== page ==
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Here we would like to show you how to work with 78XX linear voltage regulators. We will explain how to connect them to a power circuit and what are the limitations of using voltage regulators.

Here we can see regulators for: 5V, 6V, 9V, 12V, 18V, 24V. To complete all the exercises you will need components listed below:


  • LM7805, LM7812
  • Li-Ion 7.4 V Battery Pack
  • Li-Po 14.8 V Battery
  • 01. and 0.33 uF electrolytic or ceramic capacitors
  • Breadboard, Jumper Wires
  • Arduino Uno

Step 1: Pinout Overview

Pinout for LM78XX is the same for each of them. As you can see from the image above, the leftmost pin is input, middle pin and the big terminal on the top of the regulator are ground, and the rightmost terminal is output (regulated voltage).

  • IN Here we connect the red wire (plus terminal) from the battery
  • GND Here we connect the black wire (common ground) from the battery
  • OUT Here we connect the power distribution circuit input (any device that we are charging), for LM7805 this pin will output 5V.

Step 2: LM78XX Circuits

The circuit we are about to build is the same for all LM78XX voltage regulators. This circuit is for fixed output. We only need a regulator and two capacitors 0.1 uF and 0.33 uF to make it. Here is how the circuit looks like on a breadboard:

The wiring steps are as follows:

  • Connect the LM78XX to the breadboard.
  • Connect the 0.1 uF capacitor with the IN pin. If you are using electrolytic capacitors be sure to connect the - to the GND.
  • Connect the 0.33 uF capacitor with the OUT pin.
  • Connect the IN with the plus terminal of the power source
  • Connect the GND with the minus terminal of the power source
  • Connect the OUT pin with the plus terminal of the device you would like to charge.

Step 3: LM7805 Circuit

The circuit for LM7805 will give as an output steady 5V current. Important thing here to consider is how big should the input be? The necessary voltage drop for the regulator to work properly is 2V that means that the minimum voltage should be 7V. Keep in mind that as the batteries deplete the voltage inside them drops. To learn more about batteries please refer to that section.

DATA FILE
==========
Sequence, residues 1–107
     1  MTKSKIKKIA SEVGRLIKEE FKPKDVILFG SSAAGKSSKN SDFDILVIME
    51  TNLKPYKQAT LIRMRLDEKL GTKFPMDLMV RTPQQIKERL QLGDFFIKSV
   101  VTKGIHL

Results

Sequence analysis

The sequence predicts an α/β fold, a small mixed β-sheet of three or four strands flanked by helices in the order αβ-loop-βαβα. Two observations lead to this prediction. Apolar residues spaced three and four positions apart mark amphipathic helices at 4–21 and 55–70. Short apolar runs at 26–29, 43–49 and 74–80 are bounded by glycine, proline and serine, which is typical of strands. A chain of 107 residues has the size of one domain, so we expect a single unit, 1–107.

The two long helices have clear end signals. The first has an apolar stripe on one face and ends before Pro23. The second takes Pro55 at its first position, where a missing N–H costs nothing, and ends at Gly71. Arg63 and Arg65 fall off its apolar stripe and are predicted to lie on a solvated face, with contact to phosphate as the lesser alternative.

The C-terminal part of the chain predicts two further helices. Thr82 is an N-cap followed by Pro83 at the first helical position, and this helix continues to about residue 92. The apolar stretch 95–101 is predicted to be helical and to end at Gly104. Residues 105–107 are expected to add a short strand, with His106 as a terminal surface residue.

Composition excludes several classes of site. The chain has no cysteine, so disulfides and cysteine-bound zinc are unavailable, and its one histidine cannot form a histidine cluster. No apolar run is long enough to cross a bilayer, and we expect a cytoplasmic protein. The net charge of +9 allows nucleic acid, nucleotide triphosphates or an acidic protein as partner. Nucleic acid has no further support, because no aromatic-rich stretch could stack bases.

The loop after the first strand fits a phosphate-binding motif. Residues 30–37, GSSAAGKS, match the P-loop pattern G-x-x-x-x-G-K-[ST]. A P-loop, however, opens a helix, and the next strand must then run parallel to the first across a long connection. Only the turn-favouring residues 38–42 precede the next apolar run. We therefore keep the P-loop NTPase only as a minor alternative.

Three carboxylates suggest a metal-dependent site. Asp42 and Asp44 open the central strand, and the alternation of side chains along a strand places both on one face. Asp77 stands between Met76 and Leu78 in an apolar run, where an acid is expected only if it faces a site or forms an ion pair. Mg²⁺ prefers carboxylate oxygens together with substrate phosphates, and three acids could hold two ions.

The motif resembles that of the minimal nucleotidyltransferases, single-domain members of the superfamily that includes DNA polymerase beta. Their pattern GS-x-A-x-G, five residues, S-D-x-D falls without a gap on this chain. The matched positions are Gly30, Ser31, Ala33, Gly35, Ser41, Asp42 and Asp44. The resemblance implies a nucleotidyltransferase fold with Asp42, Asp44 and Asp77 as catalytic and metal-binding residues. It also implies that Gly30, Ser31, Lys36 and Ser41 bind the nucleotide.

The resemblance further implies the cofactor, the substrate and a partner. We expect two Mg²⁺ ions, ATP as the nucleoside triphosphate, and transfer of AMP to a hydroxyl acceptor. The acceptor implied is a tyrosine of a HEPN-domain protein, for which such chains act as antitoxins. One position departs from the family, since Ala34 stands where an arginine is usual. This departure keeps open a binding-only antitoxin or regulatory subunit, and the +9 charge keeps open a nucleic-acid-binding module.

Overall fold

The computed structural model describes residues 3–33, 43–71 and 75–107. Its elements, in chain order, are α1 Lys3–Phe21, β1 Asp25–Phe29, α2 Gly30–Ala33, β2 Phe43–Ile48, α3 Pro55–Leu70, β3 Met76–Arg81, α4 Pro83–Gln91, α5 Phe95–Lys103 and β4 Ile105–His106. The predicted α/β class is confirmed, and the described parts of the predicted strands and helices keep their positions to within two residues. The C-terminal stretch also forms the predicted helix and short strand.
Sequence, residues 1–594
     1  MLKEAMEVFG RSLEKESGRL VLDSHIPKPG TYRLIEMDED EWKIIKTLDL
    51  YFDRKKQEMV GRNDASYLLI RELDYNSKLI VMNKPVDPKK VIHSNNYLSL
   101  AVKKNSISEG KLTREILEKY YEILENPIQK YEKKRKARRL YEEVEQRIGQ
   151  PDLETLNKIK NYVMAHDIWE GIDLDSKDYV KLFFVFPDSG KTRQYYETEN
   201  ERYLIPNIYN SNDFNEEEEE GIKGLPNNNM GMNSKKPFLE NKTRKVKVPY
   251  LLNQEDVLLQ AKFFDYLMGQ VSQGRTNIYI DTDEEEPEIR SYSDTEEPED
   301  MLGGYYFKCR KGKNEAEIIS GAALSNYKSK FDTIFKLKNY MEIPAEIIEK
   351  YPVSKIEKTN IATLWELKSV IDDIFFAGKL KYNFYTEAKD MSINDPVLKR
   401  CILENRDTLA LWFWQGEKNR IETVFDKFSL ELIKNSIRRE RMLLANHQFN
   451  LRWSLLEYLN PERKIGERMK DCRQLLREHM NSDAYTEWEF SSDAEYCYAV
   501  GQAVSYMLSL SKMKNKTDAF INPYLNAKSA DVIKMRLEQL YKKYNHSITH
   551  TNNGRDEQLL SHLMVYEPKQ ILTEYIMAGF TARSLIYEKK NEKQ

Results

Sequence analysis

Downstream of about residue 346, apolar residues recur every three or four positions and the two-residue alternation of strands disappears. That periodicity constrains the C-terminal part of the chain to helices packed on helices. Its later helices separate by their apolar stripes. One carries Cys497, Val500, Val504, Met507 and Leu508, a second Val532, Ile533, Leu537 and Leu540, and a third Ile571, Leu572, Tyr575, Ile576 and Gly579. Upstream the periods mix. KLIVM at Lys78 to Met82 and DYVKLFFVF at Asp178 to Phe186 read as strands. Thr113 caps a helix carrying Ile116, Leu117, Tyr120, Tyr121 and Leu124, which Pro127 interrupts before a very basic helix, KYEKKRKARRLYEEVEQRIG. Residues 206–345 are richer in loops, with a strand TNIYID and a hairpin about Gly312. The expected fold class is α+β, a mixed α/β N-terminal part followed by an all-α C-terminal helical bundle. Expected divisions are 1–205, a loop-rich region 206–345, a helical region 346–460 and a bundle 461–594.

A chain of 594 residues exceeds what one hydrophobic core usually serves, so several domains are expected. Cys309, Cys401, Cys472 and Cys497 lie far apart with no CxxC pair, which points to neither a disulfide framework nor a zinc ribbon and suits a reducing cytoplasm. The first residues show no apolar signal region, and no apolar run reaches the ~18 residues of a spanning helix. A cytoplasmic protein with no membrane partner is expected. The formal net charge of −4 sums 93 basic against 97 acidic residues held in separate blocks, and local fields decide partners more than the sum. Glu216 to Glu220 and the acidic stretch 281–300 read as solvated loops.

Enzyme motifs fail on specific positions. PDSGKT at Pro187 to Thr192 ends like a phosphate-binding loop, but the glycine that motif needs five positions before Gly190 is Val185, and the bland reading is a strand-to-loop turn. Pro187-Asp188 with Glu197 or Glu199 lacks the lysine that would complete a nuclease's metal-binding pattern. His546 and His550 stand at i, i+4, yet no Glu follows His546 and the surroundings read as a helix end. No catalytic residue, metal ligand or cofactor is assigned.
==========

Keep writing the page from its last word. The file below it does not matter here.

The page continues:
Here we are going to use 2x 3.7 Li-Ion Batteries in series. That will provide us with a mean value of 7.4 V. Which is perfect for our case, we will have voltage drop of 2.4 V. All the voltage dropped is turned into heat. So you want to keep the drop to the minimum.

Another perfect battery for this case would be 2S Li-Po battery, the issue here would be the connectors that usually come with these batteries. Please refer to the Battery or connector section to learn more.

As a last note: the most convenient battery to use would be 9 V Alkaline battery, just keep in mind that you are dropping 4 V from the battery if you use it. It’s the most convenient because it’s easily found in local stores.

The output current is used to charge Arduino Uno through a 5V I/O pin. The ground is connected with the common ground of the battery and the regulator. You can choose to power up as many 5V devices as you can find in this way.

Step 4: LM7812 Circuit

The circuit for LM7812 differs from LM7805 circuit only in the input and output voltage. We still have a 2V drop, meaning that we need at least 14V. Perfect for this situation is the 4S Li-Po Battery which has voltage of 14.8 V.

Now we have a 12V power source, but for what can we use it? There aren’t many controllers such as Arduino that run on 12 V, or modules such as PS2 Joystick. They are all 5V or even 3.3V. Most obvious things that we power up with 12V are the motors. Let’s talk about that in the next section.

Step 5: Current Rating

LM78XX regulators are great if we need to power up devices requiring low currents. Such as controllers, drivers, modules, sensors etc. We can also use them to power up weak motors such as servo motors SG90, mini-gearmotors. But if we need to power up typical motors used to move robots or racing cars we would need to have larger currents.

We almost never have only one motor on our robots, we tend to have about 4 motors, and they usually total a minimum of 3.5 A in steady current demand.

LM78XX voltage regulators have 1-1.5 A steady current rating, depending on the manufacturer. Just to be safe let’s say we have 1 A steady current limit. Peak current for these regulators would be 2.2 A, just to put it in contrast 4 gearmotors would have peak current of about 9.6 A.

As you can see we can’t really use these regulators for such practices. Keep in mind that we can’t put multiple regulators together to have higher current ratings.

Step 6: Conclusion

We would like to summarize what we have shown here.

  • LM78XX are used to create fixed voltage output
  • All LM78XX have the same circuit
  • We need to have 2V more on the input than what we expect to have on output
  • Steady Current rating is 1 A or 1.5 A depending on the manufacturer

If you would like to know how to power up devices requiring more current, please refer to our section on DC-DC Converters.

You can download the models we have used in this tutorial from our GrabCAD account:

GrabCAD Robottronic Models

You can see our other tutorials on Instructables:

Instructables Robottronic

You can also check Youtube channel that is still in the process of kicking off:

Youtube Robottronic

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